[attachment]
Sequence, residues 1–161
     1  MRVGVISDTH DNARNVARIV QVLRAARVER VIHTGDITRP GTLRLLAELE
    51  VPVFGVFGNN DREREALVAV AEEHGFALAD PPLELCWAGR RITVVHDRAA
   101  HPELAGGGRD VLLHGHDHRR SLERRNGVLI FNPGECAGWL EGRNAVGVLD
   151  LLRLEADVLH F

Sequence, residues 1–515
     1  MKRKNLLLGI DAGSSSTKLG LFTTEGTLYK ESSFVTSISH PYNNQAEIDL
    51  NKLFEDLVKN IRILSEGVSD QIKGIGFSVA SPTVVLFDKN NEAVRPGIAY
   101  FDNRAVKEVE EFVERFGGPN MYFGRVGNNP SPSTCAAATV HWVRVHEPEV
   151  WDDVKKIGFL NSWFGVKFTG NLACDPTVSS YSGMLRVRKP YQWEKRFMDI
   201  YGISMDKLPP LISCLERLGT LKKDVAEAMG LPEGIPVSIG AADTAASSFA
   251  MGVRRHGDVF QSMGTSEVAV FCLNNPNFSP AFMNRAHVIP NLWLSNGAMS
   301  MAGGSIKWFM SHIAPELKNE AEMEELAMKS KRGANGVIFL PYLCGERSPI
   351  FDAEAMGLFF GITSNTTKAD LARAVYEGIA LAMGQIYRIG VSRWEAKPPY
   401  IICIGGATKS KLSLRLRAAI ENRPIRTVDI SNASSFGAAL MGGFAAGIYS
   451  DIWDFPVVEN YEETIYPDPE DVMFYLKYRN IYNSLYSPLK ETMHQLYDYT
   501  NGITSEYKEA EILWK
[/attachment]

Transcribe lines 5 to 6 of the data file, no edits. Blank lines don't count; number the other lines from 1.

   151  LLRLEADVLH F

Sequence, residues 1–515